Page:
Be heart healthy – it’s vital


The statistics are staggering, the realities often ones we had rather not face, but the truth is heart disease is just as deadly for women as it is for men. And if women want to remain healthy, then it’s time they took the statistics seriously and armed themselves with the knowledge they need to recognize heart problems as quickly as they can.

According to the Centers for Disease Control, heart disease is the leading cause of death in the United States, with more than 600,000 Americans dying each year. That’s one in four deaths. What’s more, heart disease is the leading cause of death among women in the US — heart disease and stroke cause 1 in 3 deaths among women each year, more than all cancers combined.

Therefore, the more a woman knows about heart disease, the better chance she has of beating it. It’s the mantra of Go Red for Women, an organization designed to help women become more aware of heart disease’s impact on their lives. That organization is providing life-saving information to women of all ages and ethnicities, increasing gender-focused medical research, and providing a tight community of like-minded champions who have banded together to form an unstoppable army against heart disease in women.

But it is disturbing that even with increased awareness of those facts, some statistics note that only 54 percent of women recognize that heart disease is their number one killer.

That’s why it is important to pay attention to all awareness campaigns, participate in the offerings where and when we can, read up on the facts that outline heart disease symptoms that are often not the same for men and women, and find ways to ensure we are doing everything possible to keep both our hearts and the hearts of our loved ones as healthy as possible.

With heart disease the second leading cause of death in Sampson County during 2014-15, the last recorded year on record, there’s no question we all have a vested interest in taking the disease and the precautions seriously.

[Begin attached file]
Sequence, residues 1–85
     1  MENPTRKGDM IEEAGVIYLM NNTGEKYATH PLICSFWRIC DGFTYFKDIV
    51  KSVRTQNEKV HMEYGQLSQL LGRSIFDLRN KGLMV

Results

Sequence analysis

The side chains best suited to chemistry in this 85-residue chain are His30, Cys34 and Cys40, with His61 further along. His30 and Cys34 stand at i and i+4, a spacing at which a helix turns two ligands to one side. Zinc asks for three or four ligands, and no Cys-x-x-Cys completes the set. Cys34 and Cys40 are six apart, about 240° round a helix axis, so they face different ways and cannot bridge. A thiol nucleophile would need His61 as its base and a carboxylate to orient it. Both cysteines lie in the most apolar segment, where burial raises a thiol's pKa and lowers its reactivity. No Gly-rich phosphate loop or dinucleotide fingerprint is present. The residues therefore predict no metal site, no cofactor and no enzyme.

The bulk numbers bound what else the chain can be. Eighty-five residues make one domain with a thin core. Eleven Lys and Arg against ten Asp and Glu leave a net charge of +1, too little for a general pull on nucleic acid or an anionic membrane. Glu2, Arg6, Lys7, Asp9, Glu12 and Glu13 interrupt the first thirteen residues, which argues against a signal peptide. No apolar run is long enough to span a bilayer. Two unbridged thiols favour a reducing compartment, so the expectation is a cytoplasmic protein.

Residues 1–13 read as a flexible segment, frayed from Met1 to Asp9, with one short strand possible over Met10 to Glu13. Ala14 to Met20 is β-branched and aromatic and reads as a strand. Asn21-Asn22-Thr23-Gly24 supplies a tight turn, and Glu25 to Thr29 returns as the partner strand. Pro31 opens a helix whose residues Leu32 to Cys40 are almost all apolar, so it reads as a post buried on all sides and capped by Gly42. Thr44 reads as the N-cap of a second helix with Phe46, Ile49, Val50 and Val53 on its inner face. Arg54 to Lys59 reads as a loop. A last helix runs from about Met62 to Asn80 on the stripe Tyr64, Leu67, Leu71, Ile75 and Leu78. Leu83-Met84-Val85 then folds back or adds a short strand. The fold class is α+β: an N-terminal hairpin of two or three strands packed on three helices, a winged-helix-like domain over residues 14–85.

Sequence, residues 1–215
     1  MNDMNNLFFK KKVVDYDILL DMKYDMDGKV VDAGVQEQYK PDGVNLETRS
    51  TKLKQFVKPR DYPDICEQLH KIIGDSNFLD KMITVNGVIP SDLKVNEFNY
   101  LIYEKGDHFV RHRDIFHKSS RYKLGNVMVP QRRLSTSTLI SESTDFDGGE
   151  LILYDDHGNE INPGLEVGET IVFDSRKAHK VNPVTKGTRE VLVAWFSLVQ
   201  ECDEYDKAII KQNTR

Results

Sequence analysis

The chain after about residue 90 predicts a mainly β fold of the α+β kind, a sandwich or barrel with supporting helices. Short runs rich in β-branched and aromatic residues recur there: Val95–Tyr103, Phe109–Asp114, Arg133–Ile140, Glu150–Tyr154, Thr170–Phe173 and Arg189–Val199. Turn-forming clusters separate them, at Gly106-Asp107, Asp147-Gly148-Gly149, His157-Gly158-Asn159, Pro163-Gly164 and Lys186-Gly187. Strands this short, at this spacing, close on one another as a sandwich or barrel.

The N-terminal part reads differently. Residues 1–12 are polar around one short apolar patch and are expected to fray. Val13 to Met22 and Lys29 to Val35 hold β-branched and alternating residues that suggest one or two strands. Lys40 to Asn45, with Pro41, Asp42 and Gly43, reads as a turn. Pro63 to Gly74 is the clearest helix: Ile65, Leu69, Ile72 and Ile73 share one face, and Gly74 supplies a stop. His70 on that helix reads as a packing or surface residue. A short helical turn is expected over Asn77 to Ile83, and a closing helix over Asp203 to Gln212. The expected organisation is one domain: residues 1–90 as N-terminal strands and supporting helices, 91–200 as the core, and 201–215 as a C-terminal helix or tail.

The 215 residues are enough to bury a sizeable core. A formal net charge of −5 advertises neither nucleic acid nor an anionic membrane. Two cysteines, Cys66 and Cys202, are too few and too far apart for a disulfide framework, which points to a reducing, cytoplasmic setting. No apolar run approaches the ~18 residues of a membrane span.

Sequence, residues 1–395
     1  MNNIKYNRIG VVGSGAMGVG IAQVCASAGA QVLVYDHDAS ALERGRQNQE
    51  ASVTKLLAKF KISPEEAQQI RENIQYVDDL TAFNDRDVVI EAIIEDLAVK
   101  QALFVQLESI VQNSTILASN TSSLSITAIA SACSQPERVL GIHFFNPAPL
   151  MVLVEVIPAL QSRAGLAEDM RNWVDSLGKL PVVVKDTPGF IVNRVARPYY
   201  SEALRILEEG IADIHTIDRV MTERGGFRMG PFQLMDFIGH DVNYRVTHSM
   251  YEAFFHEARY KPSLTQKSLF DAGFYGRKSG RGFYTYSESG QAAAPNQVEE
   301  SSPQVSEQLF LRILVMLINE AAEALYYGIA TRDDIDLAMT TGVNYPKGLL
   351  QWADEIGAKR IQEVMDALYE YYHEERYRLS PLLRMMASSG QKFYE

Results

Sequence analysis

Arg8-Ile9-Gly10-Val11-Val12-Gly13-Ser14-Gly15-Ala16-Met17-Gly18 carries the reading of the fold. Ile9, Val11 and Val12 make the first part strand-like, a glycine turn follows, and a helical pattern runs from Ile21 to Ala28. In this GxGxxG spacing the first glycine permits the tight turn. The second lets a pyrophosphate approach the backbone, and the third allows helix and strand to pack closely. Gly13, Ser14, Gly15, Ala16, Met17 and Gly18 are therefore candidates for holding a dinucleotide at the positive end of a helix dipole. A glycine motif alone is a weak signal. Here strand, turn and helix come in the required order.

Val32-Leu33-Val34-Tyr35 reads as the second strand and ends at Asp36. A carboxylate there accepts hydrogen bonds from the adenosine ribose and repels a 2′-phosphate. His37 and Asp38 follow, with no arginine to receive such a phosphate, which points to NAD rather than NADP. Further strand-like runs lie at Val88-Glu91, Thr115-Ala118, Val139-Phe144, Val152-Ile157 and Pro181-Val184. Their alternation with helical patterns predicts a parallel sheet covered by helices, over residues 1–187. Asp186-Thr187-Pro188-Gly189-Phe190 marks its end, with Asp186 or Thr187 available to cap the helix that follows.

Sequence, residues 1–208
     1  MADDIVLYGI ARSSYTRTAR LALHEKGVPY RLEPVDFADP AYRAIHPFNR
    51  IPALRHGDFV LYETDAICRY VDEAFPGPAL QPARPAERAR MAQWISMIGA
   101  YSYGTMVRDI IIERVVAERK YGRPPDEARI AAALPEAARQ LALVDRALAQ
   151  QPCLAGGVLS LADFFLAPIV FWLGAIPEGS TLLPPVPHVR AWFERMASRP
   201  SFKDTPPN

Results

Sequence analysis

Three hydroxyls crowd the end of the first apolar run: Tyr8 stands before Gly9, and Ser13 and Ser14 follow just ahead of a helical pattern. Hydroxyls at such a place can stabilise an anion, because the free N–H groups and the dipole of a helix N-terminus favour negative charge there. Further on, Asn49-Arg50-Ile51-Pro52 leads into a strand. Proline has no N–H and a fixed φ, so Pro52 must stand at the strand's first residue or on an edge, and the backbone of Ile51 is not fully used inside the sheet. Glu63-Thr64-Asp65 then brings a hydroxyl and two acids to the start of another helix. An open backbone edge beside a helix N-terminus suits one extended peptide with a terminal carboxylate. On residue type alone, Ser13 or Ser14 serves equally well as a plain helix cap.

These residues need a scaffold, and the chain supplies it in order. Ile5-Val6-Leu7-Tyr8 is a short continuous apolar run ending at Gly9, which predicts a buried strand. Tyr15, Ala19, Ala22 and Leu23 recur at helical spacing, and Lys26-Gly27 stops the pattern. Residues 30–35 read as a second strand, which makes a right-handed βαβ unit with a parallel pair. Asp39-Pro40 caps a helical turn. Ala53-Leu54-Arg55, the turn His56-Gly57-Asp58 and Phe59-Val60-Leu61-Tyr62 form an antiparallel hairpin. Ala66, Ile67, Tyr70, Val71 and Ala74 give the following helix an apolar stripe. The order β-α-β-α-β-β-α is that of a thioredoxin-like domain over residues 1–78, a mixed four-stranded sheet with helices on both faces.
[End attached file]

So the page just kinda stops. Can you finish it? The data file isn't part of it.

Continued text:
Pay close attention to these statistics:

• Heart disease is the leading cause of death for African-America and white women in the US;

• Heart disease and cancer cause roughly the same number of deaths each year in Hispanic women;

• For American Indian and Asian women, heart disease is second only to cancer;

• About 5.8 percent of all white women, 7.6 percent of all African-American women; and 5.6 percent of Mexican American women have coronary heart disease;

• Almost two-thirds, or 64 percent, of women who dies suddenly of heart disease have had no previous symptoms.

Most is alarming is perhaps the last statistic: Even if you have no symptoms of coronary heart disease, you may still be at risk for heart disease.

So knowledge is vital; a pro-active approach to your health imperative.

It is best, for example, to be aware of your blood pressure and keep it under control; quit smoking; keep your cholesterol and triglycerides checked by your heathcare provider; make healthy food choices; limit alcohol; lower your stress; and exercise as often as you can, even if that is merely walking more.

Some or all of these things can help you lower the risk of heart disease. Won’t you consider them? The life you save can very well be your own.

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